Feminist and women’s rights movements draw their strength and their ideological arguments from one simple observation. Throughout the world and throughout very long historical time, women have been oppressed in multiple ways. There is now an enormous literature presenting a very large gamut of views both about what explains this and what ought to be done about it.

I would simply like to explore here what are the major unresolved tactical issues that feminism as movement and feminism as ideology pose for all of us in the global struggle that is the central feature of the structural crisis of the modern world-system.

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The Falsity of False Consciousness

Commentary 445, March 15, 2017

People do not always behave the way we think they ought to behave. We often perceive others as behaving in ways we think is contrary to their self-interest. This seems crazy or foolish. We then accuse these persons of “false consciousness.”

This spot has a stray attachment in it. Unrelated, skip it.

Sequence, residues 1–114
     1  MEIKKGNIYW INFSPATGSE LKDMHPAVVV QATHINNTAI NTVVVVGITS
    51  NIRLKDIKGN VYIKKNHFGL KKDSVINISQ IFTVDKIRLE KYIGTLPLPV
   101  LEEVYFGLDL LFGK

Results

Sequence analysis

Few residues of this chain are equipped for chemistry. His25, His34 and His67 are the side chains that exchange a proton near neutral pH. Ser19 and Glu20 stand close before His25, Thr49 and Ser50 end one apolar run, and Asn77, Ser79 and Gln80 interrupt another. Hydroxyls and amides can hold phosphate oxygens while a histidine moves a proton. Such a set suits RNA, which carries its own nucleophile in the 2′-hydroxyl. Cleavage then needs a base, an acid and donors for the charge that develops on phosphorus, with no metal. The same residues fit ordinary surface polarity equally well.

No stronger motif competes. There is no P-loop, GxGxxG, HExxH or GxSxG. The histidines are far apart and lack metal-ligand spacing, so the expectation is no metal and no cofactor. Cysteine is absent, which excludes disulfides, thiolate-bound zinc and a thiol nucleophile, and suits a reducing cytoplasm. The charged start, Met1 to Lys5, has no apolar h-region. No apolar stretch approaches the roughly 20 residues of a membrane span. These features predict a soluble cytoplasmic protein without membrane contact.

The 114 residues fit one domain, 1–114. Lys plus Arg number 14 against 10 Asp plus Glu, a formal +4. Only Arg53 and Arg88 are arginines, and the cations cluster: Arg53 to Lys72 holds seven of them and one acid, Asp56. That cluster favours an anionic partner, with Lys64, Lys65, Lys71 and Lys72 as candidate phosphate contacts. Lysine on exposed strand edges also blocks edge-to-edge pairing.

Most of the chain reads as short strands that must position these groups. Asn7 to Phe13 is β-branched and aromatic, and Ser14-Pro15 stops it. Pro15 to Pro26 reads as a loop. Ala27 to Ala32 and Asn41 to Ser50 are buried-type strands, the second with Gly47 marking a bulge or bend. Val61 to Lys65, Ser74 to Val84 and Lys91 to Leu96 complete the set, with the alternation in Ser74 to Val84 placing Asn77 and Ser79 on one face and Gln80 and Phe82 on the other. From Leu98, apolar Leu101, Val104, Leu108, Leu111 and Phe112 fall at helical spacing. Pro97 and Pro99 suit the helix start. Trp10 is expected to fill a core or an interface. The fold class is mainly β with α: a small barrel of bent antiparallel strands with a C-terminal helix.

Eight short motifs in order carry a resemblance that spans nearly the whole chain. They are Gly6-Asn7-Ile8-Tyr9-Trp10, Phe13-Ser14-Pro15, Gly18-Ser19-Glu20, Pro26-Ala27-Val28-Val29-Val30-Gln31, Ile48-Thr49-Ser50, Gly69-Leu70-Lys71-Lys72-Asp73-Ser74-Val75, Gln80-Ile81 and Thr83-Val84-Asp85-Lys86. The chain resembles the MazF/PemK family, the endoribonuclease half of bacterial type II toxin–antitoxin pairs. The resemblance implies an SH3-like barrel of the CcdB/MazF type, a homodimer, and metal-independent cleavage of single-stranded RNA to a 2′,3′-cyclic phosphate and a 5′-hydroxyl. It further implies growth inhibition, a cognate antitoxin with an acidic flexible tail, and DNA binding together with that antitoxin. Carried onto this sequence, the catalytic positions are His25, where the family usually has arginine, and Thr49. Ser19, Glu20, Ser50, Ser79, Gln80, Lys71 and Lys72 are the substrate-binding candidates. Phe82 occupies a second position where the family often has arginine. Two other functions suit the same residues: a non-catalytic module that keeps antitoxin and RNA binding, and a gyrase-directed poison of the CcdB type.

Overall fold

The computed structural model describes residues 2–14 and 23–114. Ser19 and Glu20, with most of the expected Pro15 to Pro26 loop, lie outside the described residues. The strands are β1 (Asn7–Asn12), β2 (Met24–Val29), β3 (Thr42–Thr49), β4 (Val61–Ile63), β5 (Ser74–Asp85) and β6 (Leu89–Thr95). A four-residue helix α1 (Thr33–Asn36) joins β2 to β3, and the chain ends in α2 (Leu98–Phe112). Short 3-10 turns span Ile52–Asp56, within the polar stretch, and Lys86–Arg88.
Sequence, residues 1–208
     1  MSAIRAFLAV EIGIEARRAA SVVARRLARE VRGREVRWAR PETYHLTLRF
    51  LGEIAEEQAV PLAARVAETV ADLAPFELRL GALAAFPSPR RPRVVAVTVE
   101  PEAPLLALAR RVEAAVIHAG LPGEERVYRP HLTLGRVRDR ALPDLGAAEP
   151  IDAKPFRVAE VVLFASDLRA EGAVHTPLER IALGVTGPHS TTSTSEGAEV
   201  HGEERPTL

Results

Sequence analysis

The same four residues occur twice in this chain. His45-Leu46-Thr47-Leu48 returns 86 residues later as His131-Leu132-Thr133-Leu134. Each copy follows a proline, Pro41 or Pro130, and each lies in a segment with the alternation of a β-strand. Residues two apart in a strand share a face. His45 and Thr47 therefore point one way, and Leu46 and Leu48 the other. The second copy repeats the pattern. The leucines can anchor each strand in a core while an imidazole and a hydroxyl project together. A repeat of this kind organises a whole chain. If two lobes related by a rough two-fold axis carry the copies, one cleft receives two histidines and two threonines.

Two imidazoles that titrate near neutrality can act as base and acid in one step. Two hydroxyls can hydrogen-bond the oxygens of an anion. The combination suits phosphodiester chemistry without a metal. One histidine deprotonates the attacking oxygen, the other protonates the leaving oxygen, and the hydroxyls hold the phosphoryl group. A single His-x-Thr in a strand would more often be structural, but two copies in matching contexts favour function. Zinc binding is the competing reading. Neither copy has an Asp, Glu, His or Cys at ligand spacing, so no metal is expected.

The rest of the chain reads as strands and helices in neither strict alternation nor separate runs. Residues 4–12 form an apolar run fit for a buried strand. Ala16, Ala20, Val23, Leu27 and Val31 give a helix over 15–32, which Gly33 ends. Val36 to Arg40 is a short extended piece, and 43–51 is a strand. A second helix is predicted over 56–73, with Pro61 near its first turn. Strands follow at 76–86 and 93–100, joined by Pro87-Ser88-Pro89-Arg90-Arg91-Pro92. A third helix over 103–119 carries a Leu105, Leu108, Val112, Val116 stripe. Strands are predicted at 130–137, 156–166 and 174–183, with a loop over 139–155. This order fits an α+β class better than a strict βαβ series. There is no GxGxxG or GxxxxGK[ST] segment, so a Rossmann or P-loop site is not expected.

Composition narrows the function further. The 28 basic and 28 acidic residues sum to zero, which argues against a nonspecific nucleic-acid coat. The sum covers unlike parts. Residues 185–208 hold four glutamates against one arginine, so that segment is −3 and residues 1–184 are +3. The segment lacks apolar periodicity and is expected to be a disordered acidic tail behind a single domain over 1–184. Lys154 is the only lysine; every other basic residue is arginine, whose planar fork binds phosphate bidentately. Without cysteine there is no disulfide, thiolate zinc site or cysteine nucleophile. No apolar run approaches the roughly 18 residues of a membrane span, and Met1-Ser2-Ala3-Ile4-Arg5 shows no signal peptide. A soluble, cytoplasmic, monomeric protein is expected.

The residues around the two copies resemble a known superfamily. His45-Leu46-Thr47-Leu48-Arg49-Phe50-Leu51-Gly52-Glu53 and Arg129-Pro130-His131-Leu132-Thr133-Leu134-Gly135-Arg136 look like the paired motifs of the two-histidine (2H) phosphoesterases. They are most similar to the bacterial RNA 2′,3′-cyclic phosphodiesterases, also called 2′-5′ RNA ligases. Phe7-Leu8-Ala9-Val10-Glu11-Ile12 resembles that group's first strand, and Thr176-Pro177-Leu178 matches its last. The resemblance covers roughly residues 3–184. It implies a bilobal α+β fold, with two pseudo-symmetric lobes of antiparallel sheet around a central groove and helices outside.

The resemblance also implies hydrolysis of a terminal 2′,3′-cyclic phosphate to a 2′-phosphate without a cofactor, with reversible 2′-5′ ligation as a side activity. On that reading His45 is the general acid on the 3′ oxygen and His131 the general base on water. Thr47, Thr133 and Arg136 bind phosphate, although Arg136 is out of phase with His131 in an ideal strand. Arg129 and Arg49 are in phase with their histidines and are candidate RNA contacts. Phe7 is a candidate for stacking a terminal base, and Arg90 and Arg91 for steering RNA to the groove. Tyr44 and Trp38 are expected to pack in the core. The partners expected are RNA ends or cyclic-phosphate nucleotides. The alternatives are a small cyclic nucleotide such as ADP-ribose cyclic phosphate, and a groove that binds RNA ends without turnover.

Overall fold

The term itself was invented by Friedrich Engels in the late nineteenth century to explain why workers (or at least some workers) didn’t support workers’ parties at the polls or didn’t support strikes called by a union. The answer for Engels was that, for some reason, these workers misperceived their self-interest, suffering from “false consciousness.”

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Resist? Resist! Why and How?

Commentary No. 444, March 1, 2017

From time immemorial, persons who feel oppressed and/or ignored by the powerful have resisted those in authority. Such resistance often changed things, but only sometimes. Whether one considers the cause of the resisters to be virtuous depends on one’s values and one’s priorities.